Is This THE Most Common Rookie TV Writing Mistake?

Although TV and film comedy writer-producer/playwright/baseball announcer extraordinaire Ken Levine’s funny and perceptive blog posts often show up in TVWriter™’s Writing & Showbiz NewsFeed, we haven’t featured him on this site for awhile.

But this one is just too, too, too right on important to let slip by:

A Common Rookie Writing Mistake
by Ken Levine

EXT. HOUSE — DAY

TWO DETECTIVES APPROACH A HOUSE. THEY RING THE BELL. THEY WAIT A MOMENT UNTIL A WOMAN ANSWERS.

WOMAN: Yes?

DETECTIVE 1: Are you Mrs. Hanson?

WOMAN: Yes. What’s this about?

DETECTIVE 1: I’m Detective Green. This is Detective Brown. We’re from the LAPD.

WOMAN: Oh.  Really?

DETECTIVE 1: Yes, ma’am.

WOMAN: Well… can I see some ID?

DETECTIVE 2: Yes, ma’am.

They both root around their pockets and pull out ID. She scans it.

WOMAN: Okay… I suppose.

DETECTIVE 2: You have a daughter named Mindy?

WOMAN: Yes.

DETECTIVE 1: Is she home?

WOMAN: No. What is this about?

DETECTIVE 2: You’re aware that a student was killed Wednesday night at the Westfield Mall?

WOMAN: Yes, it was horrible.

DETECTIVE 1: A tragedy, yes’ ma’am.

WOMAN: But what does Mindy have to do with it?

DETECTIVE 2: We think she might have a notebook that the victim gave her that might shed some light on just who did this.

WOMAN: Oh my.

DETECTIVE 1: Do you mind if we come in and take a look?

WOMAN: Now?

DETECTIVE 2: Yes, ma’am.

WOMAN:  Well, Mindy’s not home.

DETECTIVE 1:  That’s okay. Can we come in?

WOMAN: I don’t know.  Do you have a warrant?

DETECTIVE 1: No, but your daughter is not a suspect. This is just a piece of evidence that might help us solve the puzzle.

WOMAN: Still… I… Maybe I should call my lawyer.

DETECTIVE 2: Seriously, we just want to see if this notebook exists.

WOMAN: Let me call Mindy.

DETECTIVE 2: Fine.

THE WOMAN GOES BACK IN THE HOUSE. THERE’S A MOMENT AND FINALLY SHE RETURNS WITH HER CELLPHONE. SHE PUNCHES IN THE NUMBER. SEVERAL BEATS, THEN:

WOMAN: Mindy, this is Mom. There are two detectives here wanting to go through your room to see if you have a notebook belonging to that boy who was killed at the mall? (long beat, to Detectives) She says she doesn’t have it.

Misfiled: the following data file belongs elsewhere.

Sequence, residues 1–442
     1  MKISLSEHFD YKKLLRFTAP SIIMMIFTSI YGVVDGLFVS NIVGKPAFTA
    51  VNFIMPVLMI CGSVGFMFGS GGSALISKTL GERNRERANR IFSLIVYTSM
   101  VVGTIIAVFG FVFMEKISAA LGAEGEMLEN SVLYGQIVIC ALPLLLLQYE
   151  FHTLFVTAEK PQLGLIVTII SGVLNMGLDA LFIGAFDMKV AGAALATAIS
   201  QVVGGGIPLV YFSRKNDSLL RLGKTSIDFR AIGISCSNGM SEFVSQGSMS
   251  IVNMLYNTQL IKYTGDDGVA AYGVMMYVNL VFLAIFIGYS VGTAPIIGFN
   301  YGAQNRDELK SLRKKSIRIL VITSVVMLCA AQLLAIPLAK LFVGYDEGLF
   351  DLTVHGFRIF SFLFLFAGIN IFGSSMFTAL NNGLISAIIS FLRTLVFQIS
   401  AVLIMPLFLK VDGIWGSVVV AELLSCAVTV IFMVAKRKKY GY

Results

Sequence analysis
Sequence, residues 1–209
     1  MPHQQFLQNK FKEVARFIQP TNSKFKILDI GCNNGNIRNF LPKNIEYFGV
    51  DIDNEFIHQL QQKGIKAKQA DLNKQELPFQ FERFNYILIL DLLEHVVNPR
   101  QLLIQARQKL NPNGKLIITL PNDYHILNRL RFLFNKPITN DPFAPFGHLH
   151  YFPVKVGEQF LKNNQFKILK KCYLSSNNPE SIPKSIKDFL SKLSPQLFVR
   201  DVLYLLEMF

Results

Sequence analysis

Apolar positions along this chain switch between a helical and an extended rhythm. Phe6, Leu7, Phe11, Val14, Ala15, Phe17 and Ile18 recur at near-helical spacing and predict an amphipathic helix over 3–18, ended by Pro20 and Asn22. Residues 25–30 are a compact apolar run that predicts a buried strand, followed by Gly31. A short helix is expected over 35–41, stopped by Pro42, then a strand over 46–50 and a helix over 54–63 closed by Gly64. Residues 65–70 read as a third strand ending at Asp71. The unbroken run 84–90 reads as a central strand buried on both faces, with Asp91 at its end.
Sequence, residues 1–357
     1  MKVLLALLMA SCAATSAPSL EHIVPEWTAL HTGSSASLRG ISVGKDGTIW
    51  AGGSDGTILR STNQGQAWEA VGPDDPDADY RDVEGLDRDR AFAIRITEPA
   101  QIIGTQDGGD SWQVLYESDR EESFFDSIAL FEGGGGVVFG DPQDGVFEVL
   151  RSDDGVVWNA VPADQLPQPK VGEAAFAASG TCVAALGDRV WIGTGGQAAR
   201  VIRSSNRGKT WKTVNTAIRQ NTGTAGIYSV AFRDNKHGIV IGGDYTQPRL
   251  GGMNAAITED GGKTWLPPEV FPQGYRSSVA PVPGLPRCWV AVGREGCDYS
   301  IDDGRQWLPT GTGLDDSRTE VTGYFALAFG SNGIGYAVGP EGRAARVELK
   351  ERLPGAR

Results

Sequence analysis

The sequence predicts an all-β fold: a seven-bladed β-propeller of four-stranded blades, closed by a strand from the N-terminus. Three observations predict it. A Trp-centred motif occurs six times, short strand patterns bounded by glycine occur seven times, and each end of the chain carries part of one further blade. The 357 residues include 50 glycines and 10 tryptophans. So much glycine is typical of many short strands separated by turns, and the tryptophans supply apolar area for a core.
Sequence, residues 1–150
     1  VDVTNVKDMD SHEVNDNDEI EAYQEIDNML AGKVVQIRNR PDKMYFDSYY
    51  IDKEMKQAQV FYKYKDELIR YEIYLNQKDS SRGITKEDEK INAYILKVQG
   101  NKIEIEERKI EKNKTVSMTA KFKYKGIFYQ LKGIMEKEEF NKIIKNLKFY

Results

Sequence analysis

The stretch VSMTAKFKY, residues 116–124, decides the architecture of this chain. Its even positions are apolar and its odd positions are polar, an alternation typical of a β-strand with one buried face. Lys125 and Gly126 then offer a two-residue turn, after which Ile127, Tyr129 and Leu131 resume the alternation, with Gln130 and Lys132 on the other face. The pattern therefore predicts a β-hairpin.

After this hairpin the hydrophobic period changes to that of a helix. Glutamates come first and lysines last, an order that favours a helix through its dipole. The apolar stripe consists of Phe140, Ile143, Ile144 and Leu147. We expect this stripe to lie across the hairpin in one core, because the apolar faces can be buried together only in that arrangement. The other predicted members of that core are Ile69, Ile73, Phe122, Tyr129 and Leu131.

DETECTIVE 1: We just want to take a look.

DETECTIVE 2: Is there anything she’s hiding that she doesn’t want us to see?

WOMAN: (on phone) Mindy, they said is there anything you’re hiding that you don’t want them to see? (beat, to Detectives) No.

DETECTIVE 2: Then can we just look around?

WOMAN: (on phone) Then can they just look around? (long beat, to Detectives) Okay.

DETECTIVE 2: Thank you.

WOMAN: (on phone) Okay, Mindy. I’ll tell you what happened. Bye. (hangs up).

DETECTIVE 1: So can we come in?

WOMAN: Oh, yes. Please.

DETECTIVE 2: Thank you.

WOMAN: Can I get you something to drink?

DETECTIVE 1: No, we’re fine.

THE WOMAN HOLDS THE DOOR OPEN AND THE DETECTIVES ENTER.

Okay, now let me suggest an alternate scene. Instead of the above scenario, you just go straight to this:

EXT. TEENAGE GIRL’S ROOM – DAY

A WOMAN USHERS TWO DETECTIVES INTO THE ROOM.

WOMAN: Okay, this is Mindy’s room, Detectives. But she said you’re not going to find any notebook.

I think you can see what I’m getting at. There’s a rule of writing: Get into scenes as late as you can and get out of them as early as you can.

I can’t tell you how many times I’ve read scripts from young writers that have versions (usually longer) of the first scene. Let’s be blunt. It’s boring. Nothing happens. People just talk. Often in circles.  Or they wait. Or….

Read it all on Ken Levine’s peerless blog

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